“There’s a lot of socialization about it being a non-punitive program and taking all the punishment out of fitness, and there’s a little bit of truth to that, but there’s still going to be some accountability,” Carl Shepard, a strength and conditioning specialist working on program development with the Space forces, said during the presentation.

Plans unveiled during the roadshow to keep Guardians on track for the new fitness program included monitoring service members’ devices to make sure they’re getting about 300 minutes a week of targeted physical activity, tracking muscle consumption levels of oxygen and monitoring their height-to-waist ratio to make sure they maintain a healthy physique.

The “Guardian Resilience Team,” a group of military personnel at each base specializing in fitness and training, will monitor the data entered by the wearable fitness devices to track who is falling behind.

The Guardians’ data will be analyzed and classified under a color code — red if it fails, amber if it’s average and green if it’s on track and exceeding expectations, officials said during the presentation.

When the program was originally introduced, Air Force Sergeant Major Roger Tauberman told Military.com back in March that he wanted to get out of “disciplinary, punitive interventions” for failing an annual test.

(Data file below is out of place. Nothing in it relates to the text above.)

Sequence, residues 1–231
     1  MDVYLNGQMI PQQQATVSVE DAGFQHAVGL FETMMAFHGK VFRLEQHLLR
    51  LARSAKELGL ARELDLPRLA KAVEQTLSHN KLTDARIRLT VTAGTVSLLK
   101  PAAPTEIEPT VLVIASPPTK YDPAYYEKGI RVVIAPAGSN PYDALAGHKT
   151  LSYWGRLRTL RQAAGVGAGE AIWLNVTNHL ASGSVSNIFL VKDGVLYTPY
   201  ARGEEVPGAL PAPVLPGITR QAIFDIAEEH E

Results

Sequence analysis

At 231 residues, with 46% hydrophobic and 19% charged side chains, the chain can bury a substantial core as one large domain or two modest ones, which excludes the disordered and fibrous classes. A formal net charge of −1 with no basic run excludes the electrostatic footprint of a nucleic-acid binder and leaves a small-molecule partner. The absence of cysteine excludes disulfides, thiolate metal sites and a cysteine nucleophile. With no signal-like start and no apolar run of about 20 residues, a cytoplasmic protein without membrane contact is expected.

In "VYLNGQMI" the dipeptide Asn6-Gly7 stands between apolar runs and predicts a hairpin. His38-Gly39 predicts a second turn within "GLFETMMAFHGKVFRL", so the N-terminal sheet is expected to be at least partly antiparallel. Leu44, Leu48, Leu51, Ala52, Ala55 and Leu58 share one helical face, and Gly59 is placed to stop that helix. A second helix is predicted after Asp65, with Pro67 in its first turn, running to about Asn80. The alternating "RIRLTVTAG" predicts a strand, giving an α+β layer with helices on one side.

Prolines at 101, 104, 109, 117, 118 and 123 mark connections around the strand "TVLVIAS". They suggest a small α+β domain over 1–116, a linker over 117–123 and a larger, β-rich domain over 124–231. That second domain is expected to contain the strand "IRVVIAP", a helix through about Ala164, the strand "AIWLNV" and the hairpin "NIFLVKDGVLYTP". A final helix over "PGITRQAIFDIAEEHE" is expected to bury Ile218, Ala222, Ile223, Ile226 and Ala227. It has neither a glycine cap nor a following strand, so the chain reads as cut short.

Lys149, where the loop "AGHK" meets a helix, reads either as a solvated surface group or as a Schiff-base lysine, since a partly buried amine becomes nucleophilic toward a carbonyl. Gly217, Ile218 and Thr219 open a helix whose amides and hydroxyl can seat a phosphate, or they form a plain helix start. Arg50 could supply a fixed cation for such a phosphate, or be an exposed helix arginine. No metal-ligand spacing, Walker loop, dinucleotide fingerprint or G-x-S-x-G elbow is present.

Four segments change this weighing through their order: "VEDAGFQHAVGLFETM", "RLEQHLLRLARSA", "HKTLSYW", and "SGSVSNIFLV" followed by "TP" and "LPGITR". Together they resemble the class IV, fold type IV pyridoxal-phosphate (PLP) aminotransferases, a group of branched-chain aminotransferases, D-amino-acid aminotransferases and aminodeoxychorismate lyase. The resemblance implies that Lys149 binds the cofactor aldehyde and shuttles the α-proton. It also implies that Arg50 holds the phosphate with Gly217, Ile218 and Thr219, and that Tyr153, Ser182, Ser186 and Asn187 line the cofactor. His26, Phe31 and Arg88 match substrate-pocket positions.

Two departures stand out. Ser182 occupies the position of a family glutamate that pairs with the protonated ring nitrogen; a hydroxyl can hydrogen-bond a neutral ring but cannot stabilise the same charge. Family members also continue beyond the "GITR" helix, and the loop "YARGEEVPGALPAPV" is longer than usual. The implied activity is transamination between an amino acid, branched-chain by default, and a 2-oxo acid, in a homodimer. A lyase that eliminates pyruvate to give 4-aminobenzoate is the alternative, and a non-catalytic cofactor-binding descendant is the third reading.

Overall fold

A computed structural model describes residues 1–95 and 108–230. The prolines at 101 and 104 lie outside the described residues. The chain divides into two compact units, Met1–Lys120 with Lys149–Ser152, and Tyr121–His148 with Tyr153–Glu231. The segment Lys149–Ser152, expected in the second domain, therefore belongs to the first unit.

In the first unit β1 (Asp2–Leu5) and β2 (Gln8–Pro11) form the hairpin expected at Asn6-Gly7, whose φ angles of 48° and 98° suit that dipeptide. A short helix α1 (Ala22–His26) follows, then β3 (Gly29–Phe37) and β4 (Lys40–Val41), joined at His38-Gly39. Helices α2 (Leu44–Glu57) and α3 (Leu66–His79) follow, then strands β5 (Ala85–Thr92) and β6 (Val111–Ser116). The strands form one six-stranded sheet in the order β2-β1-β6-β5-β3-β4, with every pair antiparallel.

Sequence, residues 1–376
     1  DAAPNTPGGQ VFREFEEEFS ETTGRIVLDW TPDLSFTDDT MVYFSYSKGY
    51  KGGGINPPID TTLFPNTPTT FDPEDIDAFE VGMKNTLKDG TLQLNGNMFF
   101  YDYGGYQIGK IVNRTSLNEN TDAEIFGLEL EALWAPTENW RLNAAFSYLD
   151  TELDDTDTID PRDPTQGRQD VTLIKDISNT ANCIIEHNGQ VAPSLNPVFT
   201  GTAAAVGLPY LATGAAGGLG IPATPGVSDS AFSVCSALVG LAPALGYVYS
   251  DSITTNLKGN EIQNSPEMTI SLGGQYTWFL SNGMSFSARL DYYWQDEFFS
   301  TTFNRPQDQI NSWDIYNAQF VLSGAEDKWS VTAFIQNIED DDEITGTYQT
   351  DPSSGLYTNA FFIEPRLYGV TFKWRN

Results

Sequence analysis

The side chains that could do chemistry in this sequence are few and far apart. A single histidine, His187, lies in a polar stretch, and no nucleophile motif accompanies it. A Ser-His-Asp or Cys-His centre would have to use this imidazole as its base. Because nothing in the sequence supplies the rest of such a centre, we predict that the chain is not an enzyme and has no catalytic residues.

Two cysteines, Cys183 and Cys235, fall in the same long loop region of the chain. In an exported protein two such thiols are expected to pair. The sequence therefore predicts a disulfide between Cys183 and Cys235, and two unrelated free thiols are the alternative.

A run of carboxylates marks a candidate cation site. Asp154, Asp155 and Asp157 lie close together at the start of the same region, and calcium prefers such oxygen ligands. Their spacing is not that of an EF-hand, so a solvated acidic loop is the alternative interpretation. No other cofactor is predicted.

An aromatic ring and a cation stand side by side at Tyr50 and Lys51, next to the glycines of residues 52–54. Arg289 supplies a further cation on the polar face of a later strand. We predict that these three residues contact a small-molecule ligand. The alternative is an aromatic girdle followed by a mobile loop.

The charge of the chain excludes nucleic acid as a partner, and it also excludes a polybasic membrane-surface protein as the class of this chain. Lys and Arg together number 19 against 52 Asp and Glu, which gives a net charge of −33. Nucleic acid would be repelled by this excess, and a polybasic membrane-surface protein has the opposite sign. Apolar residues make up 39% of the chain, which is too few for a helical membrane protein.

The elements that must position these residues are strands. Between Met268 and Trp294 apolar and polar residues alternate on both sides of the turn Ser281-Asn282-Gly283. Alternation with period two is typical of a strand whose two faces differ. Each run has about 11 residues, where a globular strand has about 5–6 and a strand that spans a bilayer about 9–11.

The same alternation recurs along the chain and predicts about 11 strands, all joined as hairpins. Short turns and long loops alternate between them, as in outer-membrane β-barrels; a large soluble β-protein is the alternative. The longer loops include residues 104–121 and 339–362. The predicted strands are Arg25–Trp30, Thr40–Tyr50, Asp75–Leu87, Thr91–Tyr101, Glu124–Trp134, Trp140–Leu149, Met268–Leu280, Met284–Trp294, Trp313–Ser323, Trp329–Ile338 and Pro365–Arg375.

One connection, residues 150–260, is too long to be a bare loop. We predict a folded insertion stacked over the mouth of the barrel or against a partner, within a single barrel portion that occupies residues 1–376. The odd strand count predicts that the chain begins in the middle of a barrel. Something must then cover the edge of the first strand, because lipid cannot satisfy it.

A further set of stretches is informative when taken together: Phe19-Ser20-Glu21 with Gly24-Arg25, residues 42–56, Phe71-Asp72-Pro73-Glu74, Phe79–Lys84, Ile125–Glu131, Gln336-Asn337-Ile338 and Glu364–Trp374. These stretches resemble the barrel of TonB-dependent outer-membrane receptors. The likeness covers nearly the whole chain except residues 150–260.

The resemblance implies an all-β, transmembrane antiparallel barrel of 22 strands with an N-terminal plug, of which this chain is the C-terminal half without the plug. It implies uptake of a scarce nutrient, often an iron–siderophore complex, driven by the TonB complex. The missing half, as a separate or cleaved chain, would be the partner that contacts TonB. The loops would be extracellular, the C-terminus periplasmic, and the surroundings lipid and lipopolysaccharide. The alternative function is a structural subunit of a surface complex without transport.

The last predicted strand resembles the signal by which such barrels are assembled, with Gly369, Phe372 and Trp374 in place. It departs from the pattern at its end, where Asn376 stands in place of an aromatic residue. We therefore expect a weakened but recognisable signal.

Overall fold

But during the road show, it became clear that Guardians who fell behind could be punished.

One employee who presented during the road show — and did not identify himself on the recording of the presentation — said he understands that some people’s fitness can fall by the wayside with various life situations, but noted, “If someone is red for a quarter , that’s when command will kick in.”

One Guardian, who spoke to Military.com on condition of anonymity because he is not authorized to speak to the media without approval, said there was some concern that the program could become punitive and lead to similar problems that the Air Force has seen – as people proving disordered eating to make the standards.